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U.Va. gifted $50 million for new performing arts center

The new building will be located in the Emmett-Ivy corridor and provide a space for concerts, dance, theater and interdisciplinary art forms

<p>Before the announcement of the gift, University President Jim Ryan introduced third-year College student Ada Zhang, who performed a violin piece titled “The Ader Anthem.”&nbsp;</p>

Before the announcement of the gift, University President Jim Ryan introduced third-year College student Ada Zhang, who performed a violin piece titled “The Ader Anthem.” 

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The Advancement Committee of the Board of Visitors announced a $50 million donation from Tessa Ader that will support the construction of a new arts center in a meeting held Friday morning in the Rotunda. 

Before the gift’s announcement, University President Jim Ryan introduced third-year College student Ada Zhang, who performed a violin piece titled “The Ader Anthem” during the meeting. The piece was composed specifically for the announcement of the donation by Daniel Sender, associate professor of music and concertmaster of the Charlottesville Symphony.

Ader is an honorary member of the advisory board for the Fralin Museum of Art and created the Richard M. and Tessa G. Ader Endowed Fund for Music Education at the Charlottesville Symphony in memory of her late husband in December.

“Mrs. Ader’s gift will honestly transform art at U.Va. by providing a home for concerts, dance, theater and interdisciplinary art forms in one of the most visible locations on Grounds,” Ryan said.

The design process for the building is expected to begin later this year. The building will feature a concert hall that seats more than 1,000 people, a 150-seat recital hall, spaces for experimental art and rehearsal studios, and will be located on the Emmet-Ivy corridor. Old Cabell Hall’s auditorium currently has a capacity of 851 people.

“We see the performing arts center as a chance to not only benefit the U.Va. community but to benefit the entire broader Charlottesville community by welcoming performances from national and international artists and hosting learning experiences for students, alumni and all community members,” Ryan said.

Vice Provost for the Arts Jody Kielbasa spoke to the powers of the arts and his excitement and gratitude for the donation. 

“I could not be more excited for this announcement,” Kielbasa said. “I know how personally grateful I am, but I also know what this can do for our students and faculty and the entire community here. It will be transformative to the landscape of the arts.”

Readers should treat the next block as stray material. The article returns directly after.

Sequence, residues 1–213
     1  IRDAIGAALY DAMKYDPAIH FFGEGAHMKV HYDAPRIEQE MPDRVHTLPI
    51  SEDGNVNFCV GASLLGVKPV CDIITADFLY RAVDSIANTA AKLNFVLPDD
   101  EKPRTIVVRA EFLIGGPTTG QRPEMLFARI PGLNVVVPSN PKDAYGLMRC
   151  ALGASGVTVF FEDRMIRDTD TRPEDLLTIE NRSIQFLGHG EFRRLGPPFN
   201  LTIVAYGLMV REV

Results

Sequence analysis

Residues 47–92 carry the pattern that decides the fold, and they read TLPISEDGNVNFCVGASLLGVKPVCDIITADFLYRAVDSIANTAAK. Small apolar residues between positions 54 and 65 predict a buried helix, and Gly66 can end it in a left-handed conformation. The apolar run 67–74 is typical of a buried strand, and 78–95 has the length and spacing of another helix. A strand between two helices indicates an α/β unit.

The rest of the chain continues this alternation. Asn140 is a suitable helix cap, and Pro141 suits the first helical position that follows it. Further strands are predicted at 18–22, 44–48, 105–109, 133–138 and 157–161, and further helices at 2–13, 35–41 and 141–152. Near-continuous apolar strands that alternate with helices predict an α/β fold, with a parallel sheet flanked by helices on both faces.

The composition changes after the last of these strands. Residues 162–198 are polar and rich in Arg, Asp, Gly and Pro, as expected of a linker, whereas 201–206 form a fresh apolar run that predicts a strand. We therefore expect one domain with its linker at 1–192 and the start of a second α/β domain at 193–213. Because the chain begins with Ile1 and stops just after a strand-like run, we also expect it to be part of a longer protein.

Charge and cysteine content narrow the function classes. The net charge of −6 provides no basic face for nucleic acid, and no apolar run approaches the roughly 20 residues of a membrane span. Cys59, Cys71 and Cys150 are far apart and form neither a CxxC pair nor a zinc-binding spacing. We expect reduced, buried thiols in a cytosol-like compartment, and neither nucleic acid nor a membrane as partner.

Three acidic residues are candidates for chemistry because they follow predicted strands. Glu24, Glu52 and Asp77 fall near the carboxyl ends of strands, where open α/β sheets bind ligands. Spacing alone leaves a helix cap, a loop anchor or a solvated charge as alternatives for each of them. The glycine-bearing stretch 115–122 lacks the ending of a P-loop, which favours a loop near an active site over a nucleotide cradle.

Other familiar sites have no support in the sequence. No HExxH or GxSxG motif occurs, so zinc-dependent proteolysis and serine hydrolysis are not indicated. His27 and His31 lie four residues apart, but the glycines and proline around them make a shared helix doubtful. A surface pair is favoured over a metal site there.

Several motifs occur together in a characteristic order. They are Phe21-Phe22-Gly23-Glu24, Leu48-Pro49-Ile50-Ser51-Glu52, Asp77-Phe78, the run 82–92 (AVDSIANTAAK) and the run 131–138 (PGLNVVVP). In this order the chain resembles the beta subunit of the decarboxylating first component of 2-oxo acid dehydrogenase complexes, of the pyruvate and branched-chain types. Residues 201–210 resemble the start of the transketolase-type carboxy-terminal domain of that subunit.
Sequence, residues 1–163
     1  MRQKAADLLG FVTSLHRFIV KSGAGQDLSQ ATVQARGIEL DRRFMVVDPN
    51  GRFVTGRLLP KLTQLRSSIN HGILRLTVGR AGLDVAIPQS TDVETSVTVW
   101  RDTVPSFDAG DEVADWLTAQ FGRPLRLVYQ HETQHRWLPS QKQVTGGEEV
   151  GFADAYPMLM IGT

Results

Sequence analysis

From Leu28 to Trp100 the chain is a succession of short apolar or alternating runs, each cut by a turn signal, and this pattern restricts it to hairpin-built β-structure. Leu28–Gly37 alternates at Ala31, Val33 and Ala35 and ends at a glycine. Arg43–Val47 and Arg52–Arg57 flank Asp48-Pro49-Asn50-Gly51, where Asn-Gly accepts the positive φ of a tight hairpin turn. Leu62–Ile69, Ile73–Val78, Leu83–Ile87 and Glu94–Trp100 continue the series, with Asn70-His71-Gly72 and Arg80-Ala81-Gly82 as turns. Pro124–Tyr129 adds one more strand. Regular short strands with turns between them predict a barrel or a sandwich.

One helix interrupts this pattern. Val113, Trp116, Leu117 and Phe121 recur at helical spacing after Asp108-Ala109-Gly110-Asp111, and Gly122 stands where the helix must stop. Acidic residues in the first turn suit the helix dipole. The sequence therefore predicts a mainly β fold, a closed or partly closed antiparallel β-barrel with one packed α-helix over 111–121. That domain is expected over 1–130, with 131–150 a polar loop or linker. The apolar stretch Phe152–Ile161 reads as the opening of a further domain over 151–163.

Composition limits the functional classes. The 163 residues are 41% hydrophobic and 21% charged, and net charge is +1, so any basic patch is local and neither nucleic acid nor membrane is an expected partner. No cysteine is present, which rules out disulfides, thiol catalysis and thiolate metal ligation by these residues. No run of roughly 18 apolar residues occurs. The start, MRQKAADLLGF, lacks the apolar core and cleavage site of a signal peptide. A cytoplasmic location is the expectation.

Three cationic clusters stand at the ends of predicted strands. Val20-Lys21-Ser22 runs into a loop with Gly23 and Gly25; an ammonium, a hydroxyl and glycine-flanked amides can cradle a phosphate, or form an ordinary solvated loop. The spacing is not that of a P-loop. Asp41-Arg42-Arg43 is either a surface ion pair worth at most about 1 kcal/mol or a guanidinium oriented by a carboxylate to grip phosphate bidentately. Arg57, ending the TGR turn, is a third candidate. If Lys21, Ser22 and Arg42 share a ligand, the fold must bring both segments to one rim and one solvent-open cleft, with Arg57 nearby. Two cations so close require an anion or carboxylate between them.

The Advancement Committee also voted to confirm the Board of Visitors representatives to different governing boards of University-affiliated organizations and provided a fundraising and campaign progress report.

The University exceeded its $500 million fundraising goal for the fiscal year 2021-2022 with commitments totaling $507.6 million, a 1.5 percent increase from the original $500 million goal. Through June 30, philanthropic cash flow for the fiscal year was $428 million — the first time the University has ever surpassed $400 million in cash for any single fiscal year. 

Cindy Fredrick, senior associate vice president for engagement, provided an overview of the Office for Engagement’s transition to virtual programming during the pandemic. The office hosted 800 events between March 2020 and June 2021. It also saw a 163 percent increase in registrations. 

“We are beginning to gather again, in person, with new safety protocols in place, and we will continue reaching out to where our alumni, parents and friends live and continue our virtual engagement,” Fredrick said. 

The committee also gave an update on bicentennial matching funds. The Bicentennial Scholars Fund was established December 2016 and provided a one-to-two ratio match for new endowed undergraduate scholarships that were established with gifts of at least $100,000 dollars. As of Aug. 25, the University has raised $312.5 million in commitments and pledges

for bicentennial scholarships.

Ryan then announced an additional $50 million in matching funds for gifts to Bicentennial Scholarships, which will be drawn from the Strategic Investment Fund “over several years,” according to Ryan. 

“We wanted to boost giving to the University Achievement Award and to the Blue Ridge scholarships, both of which have been incredibly helpful in recruiting students who add to the diversity of the class and the excellence of the class,” Ryan said. “And we wanted to raise the visibility of the programs as well so we went to a one-to-one match for gifts for either one of those scholarships [which has] proven very successful.” 

Ryan highlighted increasing visibility of these opportunities as a priority in an interview with The Cavalier Daily before the Board meeting. The University Achievement Award covers all tuition and fees and is awarded to students from Virginia who demonstrate “outstanding leadership and character while overcoming personal hardship.” The Blue Ridge scholarships range from $1,000 to $7,000 dollars per student per year, and are awarded to students with “exceptional academic promise and significant financial need.”